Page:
Contrary to his public persona as a flamboyant and garrulous figure, the Boris Johnson I met in 2004 on one of his frequent visits to Delhi was most unassuming and courteous. He came to the capital very so often with his wife, Marina Wheeler, and their children and stayed in the plush homes of Wheeler’s relatives in Golf Links or Lajpatnagar. Wheeler’s mother, Dip Singh, is Indian and her late father was Charles Wheeler, a reputed BBC journalist who met Dip when he was posted in Delhi in the 1960s. (Boris Johnson and Marina Wheeler announced their separation last year.
I first met Johnson at a dinner and being fellow-journalists we agreed to meet the following evening for a one-to-one chat in my flat. He was then the editor of the iconic British journal, The Spectator, and was also a Tory member of parliament representing the very snazzy constituency of Henley-on-Thames. He was very keen to be briefed about Indian political events. I explained the political situation as best as I could. He listened very carefully without any interruon. He had no preconceived notions to offer about the state of our country or its politics. Through the evening, he was most cordial, charming and low-key.
A year later, while visiting London, I phoned him. He suggested that I should write an article for The Spectator. On returning to Delhi, I wrote a colourful profile of Mayawati who had been the chief minister of Uttar Pradesh. He asked me to “spice up” my piece. I revised it but the piece was never published, presumably because it was not spicy enough for Boris.
A reticent figure
Boris Johnson’s younger brother, Jo Johnson, was also a journalist and was in Delhi from 2005 to 2008 as the Financial Times Bureau Chief for South Asia. I met Jo Johnson several times. His public personality is totally different from that of his brother. Jo Johnson is a very reticent figure. In private, he proved to be as courteous and unaffected as Boris Johnson. Like his brother, Jo Johnson has also moved from journalism to politics.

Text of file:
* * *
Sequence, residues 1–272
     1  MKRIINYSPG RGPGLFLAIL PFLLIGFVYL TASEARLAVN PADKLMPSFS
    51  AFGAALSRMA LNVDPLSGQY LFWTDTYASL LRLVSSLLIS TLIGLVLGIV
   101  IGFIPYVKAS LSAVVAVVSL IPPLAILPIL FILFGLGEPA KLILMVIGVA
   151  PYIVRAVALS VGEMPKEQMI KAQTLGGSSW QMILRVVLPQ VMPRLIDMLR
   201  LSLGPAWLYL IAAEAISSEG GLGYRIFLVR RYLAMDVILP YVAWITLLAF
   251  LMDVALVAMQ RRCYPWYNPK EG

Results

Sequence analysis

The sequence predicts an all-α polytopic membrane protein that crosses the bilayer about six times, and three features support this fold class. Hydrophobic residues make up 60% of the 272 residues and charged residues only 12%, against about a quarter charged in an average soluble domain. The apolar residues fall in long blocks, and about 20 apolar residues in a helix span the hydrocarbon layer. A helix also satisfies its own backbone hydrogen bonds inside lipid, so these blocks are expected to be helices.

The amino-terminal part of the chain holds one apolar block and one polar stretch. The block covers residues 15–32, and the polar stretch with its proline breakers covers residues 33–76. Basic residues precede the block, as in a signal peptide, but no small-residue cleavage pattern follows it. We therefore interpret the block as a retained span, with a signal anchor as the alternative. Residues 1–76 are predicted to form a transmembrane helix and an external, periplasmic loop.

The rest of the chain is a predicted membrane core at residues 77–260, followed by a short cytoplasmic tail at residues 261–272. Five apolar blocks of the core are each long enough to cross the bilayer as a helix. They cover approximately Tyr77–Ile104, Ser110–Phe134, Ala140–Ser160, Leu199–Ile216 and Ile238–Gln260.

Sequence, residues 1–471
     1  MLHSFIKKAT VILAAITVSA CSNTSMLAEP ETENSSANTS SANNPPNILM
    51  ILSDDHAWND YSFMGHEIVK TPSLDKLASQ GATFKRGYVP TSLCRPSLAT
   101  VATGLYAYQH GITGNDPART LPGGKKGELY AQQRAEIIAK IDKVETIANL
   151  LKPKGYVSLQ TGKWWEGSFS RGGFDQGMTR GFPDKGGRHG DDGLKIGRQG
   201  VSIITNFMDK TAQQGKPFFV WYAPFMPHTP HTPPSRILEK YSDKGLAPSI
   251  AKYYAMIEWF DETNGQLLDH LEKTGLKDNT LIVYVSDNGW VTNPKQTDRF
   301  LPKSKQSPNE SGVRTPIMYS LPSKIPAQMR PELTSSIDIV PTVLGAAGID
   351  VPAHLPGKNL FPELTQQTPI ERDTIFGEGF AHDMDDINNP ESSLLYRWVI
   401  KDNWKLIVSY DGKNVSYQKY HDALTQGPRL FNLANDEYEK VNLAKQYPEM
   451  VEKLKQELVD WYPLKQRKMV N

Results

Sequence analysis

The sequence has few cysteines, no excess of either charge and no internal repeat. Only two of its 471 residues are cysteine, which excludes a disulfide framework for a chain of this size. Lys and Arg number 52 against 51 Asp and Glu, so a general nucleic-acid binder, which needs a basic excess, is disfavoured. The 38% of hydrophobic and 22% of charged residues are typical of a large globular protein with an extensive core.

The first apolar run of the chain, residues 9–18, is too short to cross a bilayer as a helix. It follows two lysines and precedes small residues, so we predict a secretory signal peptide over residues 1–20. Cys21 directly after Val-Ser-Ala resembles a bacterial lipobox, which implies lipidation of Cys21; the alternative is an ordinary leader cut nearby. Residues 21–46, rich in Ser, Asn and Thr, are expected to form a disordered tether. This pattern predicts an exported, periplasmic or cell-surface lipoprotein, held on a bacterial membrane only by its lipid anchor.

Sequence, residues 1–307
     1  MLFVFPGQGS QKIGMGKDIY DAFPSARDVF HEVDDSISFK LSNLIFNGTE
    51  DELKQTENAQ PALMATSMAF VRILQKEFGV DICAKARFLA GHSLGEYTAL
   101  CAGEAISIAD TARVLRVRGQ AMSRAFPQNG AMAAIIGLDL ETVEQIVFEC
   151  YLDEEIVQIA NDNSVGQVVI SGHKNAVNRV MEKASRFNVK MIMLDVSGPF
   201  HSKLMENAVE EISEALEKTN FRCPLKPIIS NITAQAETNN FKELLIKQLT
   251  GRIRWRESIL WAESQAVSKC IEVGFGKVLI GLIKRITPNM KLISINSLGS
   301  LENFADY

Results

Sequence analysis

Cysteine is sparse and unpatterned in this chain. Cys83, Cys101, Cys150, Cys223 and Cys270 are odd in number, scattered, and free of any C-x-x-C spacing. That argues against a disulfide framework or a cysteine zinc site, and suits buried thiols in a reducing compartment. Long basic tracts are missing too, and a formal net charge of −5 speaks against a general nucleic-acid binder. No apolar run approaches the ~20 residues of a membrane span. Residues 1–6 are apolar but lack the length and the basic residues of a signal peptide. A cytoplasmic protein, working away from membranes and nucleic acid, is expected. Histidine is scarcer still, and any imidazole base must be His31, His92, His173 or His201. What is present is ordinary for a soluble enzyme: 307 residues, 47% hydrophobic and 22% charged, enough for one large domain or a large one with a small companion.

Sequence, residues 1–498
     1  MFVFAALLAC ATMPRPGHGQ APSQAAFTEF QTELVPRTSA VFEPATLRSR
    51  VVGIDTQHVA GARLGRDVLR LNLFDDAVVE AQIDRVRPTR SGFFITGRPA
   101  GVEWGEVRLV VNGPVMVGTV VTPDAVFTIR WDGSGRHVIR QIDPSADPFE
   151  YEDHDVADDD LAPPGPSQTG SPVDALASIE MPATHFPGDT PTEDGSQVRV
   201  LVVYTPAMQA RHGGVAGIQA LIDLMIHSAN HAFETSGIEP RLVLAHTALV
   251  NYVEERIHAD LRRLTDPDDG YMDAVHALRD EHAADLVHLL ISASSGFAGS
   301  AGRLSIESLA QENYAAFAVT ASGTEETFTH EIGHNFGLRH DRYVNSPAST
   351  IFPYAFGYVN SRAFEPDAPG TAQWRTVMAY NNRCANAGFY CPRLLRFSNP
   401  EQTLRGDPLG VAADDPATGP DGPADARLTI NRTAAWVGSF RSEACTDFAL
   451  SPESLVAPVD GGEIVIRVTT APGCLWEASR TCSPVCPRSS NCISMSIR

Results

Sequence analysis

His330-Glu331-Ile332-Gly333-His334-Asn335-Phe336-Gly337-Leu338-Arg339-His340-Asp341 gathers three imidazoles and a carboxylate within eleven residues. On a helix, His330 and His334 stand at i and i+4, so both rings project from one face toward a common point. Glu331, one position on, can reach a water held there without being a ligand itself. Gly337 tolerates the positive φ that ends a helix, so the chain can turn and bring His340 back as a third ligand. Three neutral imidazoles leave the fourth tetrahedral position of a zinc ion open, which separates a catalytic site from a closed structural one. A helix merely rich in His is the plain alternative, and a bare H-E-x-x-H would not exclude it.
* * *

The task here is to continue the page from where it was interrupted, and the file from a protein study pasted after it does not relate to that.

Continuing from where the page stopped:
During the British general election of 2015, I was in London again and accompanied Jo Johnson while he was canvassing to be re-elected from his posh, stockbroker-belt constituency of Orpington. I got feel of the very genteel British style of seeking votes, which was for the candidate to knock gently at door after door and request a favourable veddict from each householder.
A long journey
Jo Johnson’s father, Stanley, accompanied us during our campaigning rounds. He is the most charming of the Johnsons with a constant twinkle in his eye. He told me that as a young man he had driven his motor-bike from London to Delhi in 1964.
On Wednesday, Boris became Britain’s Prime Minister and shortly after appointed his brother as minister for business, energy and industrial strategy. Stanley Johnson told the media that he was proud of his sons. It is nice to know that all three have a Delhi connection.
Jawid Laiq is a Delhi-based political correspondent and author of The Maverick Republic.